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Digital sports entertainment company Quokka Sports, hoping to revolutionize coverage of the topic as the Web's bandwidth grows, this week spoofs drug company advertising in its first major campaign. The estimated $5 million to $10 million effort aims to drive traffic to Quokka.com, a site that covers live sports events such as climbing expeditions, sailing and auto races, and other outdoor adventures.

Created by Lee Hunt & Associates, New York, the campaign includes TV, radio and outdoor boards running in five cities: Boston, Denver, San Diego, San Francisco and Seattle. Magazine ads will run in 27 niche publications such as Climbing, Outside, Outside Women, Men's Journal, Sailing and Wired.

Tagged "A digital dose of sports," the ads have the feel of pharmaceutical direct-to-consumer advertising.

A print ad, for example, shows a pill capsule, half filled with a sailboat race or other relevant sporting event. A page of small type accompanies the picture, with humorous copy that mentions possible side effects, such as "clenched butt cheeks," "heart palpitations" or "unemployment."

In radio spots, voice-overs say Quokka provides "the most freakin' amazing 24-hour live sports coverage available today."


Quokka Sports, which is based in San Francisco with offices in Troy, Mich., New York and London, specializes in providing around-the-clock sports coverage, combining live video and audio, e-mail diaries from competitors, biometric data, professional commentary, real-time statistics, event maps and weather updates.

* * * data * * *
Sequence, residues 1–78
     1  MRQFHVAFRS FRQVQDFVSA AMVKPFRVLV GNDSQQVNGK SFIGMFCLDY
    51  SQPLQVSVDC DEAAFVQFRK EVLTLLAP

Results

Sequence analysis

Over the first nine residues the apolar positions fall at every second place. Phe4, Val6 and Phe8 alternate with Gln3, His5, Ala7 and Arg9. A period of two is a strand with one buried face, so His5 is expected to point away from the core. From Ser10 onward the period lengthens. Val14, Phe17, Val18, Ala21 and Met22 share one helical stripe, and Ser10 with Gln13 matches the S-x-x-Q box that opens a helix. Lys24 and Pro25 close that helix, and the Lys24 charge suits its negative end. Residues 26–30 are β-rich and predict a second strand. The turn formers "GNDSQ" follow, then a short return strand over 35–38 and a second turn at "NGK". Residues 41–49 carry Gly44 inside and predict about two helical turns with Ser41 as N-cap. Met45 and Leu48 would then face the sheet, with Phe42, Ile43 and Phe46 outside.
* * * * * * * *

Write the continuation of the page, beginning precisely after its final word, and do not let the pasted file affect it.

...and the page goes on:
Recent coverage includes the Great Trango Tower, where three climbers are attempting to climb a mile-high vertical rock wall in Pakistan. During the ascent, the team provides firsthand reports with live audio feeds and photos. Other events included in the site are Championship Auto Racing Teams, including real-time race viewing. E-mails from participants also offer a firsthand look at the thrill of achievement or the disappointment of poor weather or failure.

Events are archived, so viewers are able to look up previous coverage, such as Around Alone, a one-person around-the-world sailing race, or des Sables, a 150-mile foot race across the Sahara desert.

The site, aimed at males and females 18 to 49 (60% of the users are male), is intended to allow the visitor to feel as though he or she is at a sports venue, said David Riemer, senior VP-marketing, Quokka Sports.


"You can watch the event, see how much time is left, talk to the person next to you, buy a hat or sweatshirt," Mr. Riemer said.

Quokka in February entered a joint venture with NBC to develop interactive digital coverage at Olympic Games through 2004; Quokka will contribute at least $15 million in cash to the venture, according to its April filing for an initial public offering. The venture expects to launch its site in August in advance of the 2000 Summer Games in Sydney.

This isn't Quokka's first Olympic feat; Quokka produced the International Olympic Committee's site (www.olympic.org).

Quokka's business model is built on selling exclusive category sponsorships to marketers. Sponsors can embed and promote their products in Quokka's rich-media Web content; tech and telecom sponsors will be able to showcase their prowess by getting involved in the production.

Intel Corp., which owns 12% of Quokka, has used Quokka's content to demonstrate the power of its Pentium III chip.

Amid its big plans, Quokka is still a small venture; the company last year lost $9.5 million on revenue of $8.6 million.

Currently, Quokka has a link from the Snap portal. Company officials, in the process of the stock offering, said they were unable to discuss plans for tie-

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